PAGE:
That is nothing less than an international gun registration scheme. Considering our own government’s inability to protect citizens’ private information—or even classified intelligence information—who knows where “end user” information could end up once it’s shared with foreign countries? If the U.S. refused to keep information on “end users” based on those concerns, other countries could simply block exports to American importers. And even if they didn’t, the new bureaucratic requirements would drive the prices of imported guns out of most gun owners’ reach.
Just as oppressive were calls for an international ammunition record-keeping scheme. This notion was so absurd that even the State Department rejected it, noting that “Our own experience in regulating domestic transfers has shown that there is little utility for law enforcement in imposing the same controls on ammunition transfers as we do on arms.”
Fortunately, the NRA long ago recognized the threat these U.N. efforts pose to America’s gun owners. For nearly 20 years, we have been intimately involved in opposing U.N. gun control. So when the conference began, we and our allies on Capitol Hill were ready to make your voice heard.
Days before the conference began, 130 members of the U.S. House of Representatives sent Obama and Clinton a letter outlining their opposition to the ATT. The lawmakers warned the President that they still hold the purse strings, and “will maintain the power to oppose the appropriation or authorization of any taxpayer funds to implement a flawed ATT.”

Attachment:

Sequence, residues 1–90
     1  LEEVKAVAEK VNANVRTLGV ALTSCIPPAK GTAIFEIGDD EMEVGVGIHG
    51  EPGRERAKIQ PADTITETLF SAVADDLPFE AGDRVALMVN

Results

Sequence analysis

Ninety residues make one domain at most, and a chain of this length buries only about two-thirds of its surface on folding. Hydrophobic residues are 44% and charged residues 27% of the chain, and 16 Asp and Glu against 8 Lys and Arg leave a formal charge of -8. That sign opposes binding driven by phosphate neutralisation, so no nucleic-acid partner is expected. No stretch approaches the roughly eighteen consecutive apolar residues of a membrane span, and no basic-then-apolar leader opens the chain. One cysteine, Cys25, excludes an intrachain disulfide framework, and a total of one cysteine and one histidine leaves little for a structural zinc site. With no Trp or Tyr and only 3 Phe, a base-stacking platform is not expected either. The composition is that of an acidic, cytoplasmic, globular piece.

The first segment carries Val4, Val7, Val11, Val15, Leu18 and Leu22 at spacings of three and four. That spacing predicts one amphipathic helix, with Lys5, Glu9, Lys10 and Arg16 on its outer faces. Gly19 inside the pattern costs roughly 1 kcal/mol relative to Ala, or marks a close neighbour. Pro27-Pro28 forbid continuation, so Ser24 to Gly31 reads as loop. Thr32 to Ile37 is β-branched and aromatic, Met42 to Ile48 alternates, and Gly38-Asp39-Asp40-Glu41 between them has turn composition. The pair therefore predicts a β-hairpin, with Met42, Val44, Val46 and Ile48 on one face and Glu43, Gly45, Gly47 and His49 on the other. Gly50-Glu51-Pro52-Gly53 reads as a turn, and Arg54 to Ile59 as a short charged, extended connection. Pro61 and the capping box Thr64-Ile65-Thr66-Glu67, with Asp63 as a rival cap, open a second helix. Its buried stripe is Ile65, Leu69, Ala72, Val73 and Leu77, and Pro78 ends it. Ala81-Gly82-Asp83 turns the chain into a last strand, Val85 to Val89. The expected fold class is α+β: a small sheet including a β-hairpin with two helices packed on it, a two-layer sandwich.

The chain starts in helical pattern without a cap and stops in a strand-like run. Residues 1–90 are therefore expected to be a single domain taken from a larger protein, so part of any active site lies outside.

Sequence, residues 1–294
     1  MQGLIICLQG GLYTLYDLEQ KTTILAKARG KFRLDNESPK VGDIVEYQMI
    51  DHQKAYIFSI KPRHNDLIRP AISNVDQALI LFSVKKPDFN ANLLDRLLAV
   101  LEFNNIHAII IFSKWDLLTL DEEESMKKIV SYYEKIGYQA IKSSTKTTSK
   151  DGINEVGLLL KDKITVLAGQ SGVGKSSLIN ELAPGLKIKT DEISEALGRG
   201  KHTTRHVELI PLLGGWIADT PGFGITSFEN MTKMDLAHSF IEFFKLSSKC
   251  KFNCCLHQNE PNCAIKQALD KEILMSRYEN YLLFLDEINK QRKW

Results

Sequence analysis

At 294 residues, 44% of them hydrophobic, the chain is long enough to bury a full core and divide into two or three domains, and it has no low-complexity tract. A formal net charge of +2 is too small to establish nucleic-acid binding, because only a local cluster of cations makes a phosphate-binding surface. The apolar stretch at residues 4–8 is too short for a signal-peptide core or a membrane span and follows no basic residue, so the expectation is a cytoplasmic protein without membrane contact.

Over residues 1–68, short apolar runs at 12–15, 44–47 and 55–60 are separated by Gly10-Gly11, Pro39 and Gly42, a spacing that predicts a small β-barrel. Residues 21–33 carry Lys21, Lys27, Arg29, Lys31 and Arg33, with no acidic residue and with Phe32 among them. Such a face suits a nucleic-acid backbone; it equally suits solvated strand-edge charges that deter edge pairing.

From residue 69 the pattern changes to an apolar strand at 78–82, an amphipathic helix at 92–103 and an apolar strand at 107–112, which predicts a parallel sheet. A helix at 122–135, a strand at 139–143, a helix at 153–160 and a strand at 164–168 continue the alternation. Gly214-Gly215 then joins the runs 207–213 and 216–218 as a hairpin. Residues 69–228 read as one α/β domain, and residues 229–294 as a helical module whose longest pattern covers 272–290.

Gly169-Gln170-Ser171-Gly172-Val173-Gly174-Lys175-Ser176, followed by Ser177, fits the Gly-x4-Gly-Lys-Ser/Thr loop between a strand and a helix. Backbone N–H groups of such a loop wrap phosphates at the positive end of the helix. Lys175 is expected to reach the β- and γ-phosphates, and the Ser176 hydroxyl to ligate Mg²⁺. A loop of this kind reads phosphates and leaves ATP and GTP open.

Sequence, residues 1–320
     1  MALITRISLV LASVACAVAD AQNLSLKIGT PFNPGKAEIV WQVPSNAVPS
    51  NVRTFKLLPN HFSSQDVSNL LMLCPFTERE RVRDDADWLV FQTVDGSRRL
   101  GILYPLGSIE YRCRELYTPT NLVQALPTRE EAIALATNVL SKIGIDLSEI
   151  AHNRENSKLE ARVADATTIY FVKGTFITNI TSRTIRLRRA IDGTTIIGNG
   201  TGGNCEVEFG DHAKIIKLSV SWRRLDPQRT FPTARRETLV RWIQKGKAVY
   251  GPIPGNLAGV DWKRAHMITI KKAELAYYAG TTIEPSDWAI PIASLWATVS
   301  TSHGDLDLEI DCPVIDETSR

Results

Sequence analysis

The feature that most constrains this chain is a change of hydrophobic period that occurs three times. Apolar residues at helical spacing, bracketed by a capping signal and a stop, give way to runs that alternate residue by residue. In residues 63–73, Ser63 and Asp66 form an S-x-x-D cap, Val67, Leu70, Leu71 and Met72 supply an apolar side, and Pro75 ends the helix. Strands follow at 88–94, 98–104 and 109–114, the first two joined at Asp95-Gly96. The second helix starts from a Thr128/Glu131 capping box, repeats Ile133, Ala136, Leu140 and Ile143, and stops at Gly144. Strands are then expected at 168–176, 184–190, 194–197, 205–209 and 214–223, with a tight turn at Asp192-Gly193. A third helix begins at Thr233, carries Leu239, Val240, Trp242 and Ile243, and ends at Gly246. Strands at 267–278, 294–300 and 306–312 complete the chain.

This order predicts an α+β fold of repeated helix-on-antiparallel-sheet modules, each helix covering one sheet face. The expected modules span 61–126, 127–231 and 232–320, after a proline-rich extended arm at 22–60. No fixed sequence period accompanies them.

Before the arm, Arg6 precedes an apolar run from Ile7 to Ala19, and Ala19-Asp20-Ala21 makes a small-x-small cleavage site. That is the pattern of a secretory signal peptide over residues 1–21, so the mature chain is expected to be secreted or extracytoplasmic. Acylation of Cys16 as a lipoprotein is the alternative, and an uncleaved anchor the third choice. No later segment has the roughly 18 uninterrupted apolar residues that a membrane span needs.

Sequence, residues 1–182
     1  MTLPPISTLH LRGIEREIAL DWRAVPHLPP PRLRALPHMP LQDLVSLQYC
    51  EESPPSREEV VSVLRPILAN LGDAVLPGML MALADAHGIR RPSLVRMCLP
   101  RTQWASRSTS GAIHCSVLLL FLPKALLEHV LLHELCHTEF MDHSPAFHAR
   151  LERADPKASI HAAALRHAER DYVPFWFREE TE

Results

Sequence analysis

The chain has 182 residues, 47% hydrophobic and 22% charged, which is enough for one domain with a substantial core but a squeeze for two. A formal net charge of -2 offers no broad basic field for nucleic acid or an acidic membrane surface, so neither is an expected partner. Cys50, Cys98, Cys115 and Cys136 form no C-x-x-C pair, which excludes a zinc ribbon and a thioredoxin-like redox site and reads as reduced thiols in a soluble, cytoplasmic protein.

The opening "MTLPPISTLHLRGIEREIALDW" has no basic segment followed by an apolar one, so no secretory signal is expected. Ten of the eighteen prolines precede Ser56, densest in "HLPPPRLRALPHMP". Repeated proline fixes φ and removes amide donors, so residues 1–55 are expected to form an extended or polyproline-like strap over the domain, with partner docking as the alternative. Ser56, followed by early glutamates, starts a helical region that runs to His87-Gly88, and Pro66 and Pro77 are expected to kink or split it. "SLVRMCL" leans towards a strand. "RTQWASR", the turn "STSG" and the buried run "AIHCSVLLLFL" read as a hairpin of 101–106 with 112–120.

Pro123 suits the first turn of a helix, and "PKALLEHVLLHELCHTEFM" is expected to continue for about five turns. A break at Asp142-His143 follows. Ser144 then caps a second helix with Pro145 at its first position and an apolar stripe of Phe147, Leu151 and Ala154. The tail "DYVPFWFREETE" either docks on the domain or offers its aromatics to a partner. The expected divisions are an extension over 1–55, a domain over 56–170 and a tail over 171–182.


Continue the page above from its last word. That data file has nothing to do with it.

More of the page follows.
Then, as he did during an ATT preparatory committee session in 2011, NRA Executive Vice President Wayne LaPierre went before the conference personally to deliver an impassioned defense of civilian gun owners. He made NRA’s position perfectly clear: “Any treaty that includes civilian firearms ownership in its scope will be met with the NRA’s greatest force of opposition.” And hundreds of thousands of NRA supporters signed a petition declaring “independence from any United Nations treaty that would strip [them] of [their] constitutional Right to Keep and Bear Arms.”